Model-based Approach to Detecting Densely Overlapping Communities in Networks

AGMfit detects overlapping communities (dense groups of nodes) in networks. AGMfit provides a fast and efficient algorithm to find communities by fitting the Affilated Graph Model to a large network. A community is a set of nodes that are densely connected each other. In many real-world networks, communities tend to overlap as nodes can belong to many communities or groups.

Below, you can find some extra information:

About AGM

The Affiliation Graph Model (AGM) is a generative model that produces a network from community affilation. The figure below describes an example of bipartite community affiliation graph and a network (Figure 1).

AGM can generate realistic looking graphs. When we synthesize a network using AGM that is fit to a real-world network, the synthetic network exhibits very similar characteristics to those of the real network (Figure 2).

Community detection by AGM

AGMfit is a fast and scalable algorithm to detect overlapping communities from a given graph by fitting the AGM to the graph. When a network is given, AGM can measure the likelihood of a community affiliation graph, and we can find the most likely community affiliation by fitting the AGM to the given network.

If a user specifies the number of communities that the user want to detect, AGMfit finds the corresponding number of communities. If a user does not know how many communities would exist, which is more realistic, AGMfit automatically estimates the number of communities in the graph. User also can control the probability of edges between the nodes that do not share any communities. If a user does not assume a certain probability, AGMfit uses (1 / N^2) where N is the number of nodes in the graph.

For more detail, refer to the following papers:

Papers (citation)

Overlapping Communities Explain Core-Periphery Organization of Networks by J. Yang and J. Leskovec, Proceedings of IEEE, 2014.

Community-Affiliation Graph Model for Overlapping Community Detection by J. Yang and J. Leskovec, IEEE International Conference on Data Mining (ICDM), 2012.

Overlapping Community Detection at Scale: A Nonnegative Matrix Factorization Approach by J. Yang and J. Leskovec, ACM International Conference on Web Search and Data Mining (WSDM), 2013.

Community Detection in Networks with Node Attributes by J. Yang, J. McAuley and J. Leskovec, IEEE International Conference on Data Mining (ICDM), 2013.

Detecting Cohesive and 2-mode Communities in Directed and Undirected Networks by J. Yang, J. McAuley and J. Leskovec, ACM International Conference on Web Search and Data Mining (WSDM), 2014.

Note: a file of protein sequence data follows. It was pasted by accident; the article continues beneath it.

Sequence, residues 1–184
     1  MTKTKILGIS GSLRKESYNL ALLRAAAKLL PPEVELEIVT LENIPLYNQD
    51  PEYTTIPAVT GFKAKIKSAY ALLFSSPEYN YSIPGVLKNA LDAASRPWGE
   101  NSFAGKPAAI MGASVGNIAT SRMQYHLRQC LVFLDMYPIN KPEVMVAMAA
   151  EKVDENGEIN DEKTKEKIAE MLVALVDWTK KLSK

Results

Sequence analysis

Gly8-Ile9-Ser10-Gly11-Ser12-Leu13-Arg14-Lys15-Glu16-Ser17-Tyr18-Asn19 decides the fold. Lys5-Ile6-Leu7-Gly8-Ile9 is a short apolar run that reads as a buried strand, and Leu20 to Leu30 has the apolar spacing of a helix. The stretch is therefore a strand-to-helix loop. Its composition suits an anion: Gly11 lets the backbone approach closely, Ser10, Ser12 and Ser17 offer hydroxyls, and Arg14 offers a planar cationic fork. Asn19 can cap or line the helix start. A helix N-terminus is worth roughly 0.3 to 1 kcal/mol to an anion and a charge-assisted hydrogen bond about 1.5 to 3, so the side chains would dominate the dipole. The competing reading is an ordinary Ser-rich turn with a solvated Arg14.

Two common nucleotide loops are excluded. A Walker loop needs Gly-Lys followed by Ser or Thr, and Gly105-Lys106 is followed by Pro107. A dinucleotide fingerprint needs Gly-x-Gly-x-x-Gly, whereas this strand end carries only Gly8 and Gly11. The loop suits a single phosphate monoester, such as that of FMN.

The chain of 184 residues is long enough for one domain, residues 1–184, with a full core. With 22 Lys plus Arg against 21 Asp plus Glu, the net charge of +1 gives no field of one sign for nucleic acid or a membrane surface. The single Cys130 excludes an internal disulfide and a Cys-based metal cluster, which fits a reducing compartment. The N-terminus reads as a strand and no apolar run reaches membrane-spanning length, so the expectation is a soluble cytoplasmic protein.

Examples

We show several examples of communities detected by AGM and underlying networks.

You can click over the graphs to see them bigger!

Download the code

We provide a C++ implementation of AGMfit in a comprehensive package with the necessary code from SNAP library.

Network Input format: Each line in an input file describes one edge by specifying the names of the two nodes having the edge. The two node names are separated by a tab:

<Node1_Name> <Node2_Name>

Community Output format: AGMfit generates a text file (cmtyvv.txt) and a Graph Exchange XML file (graph.gexf). Each line of the text file specifies the name of member nodes of one community. The Graph Exchange XML format describes both the graph and the community memberships (specified by node attribute) and can be loaded in Gephi which supports filtering by communities (attributes in the Graph XML file).

Within the package, you can find additional information in ReadMe.txt, including how to compile and run AGMfit. We also provide some sample input data as a toy.

Download the data

We provide 6 data sets each of which have a network and a set of ground-truth communities. Ground-truth communities are communities that can be defined and identified from data. The webpage for each data set describes how we identify ground-truth communities in the data set.

Data sets:

Name Type Nodes Edges Communities Description
LiveJournal Undirected, Communities 3,997,962 34,681,189 664,414 LiveJournal online social network
Friendster Undirected, Communities 65,608,366 1,806,067,135 1,620,991 Friendster online social network
Orkut Undirected, Communities 3,072,441 117,185,083 15,301,901 Orkut online social network
Youtube Undirected, Communities 1,134,890 2,987,624 16,386 Youtube online social network
DBLP Undirected, Communities 317,080 1,049,866 13,477 DBLP collaboration network
Amazon Undirected, Communities 334,863 925,872 271,570 Amazon product network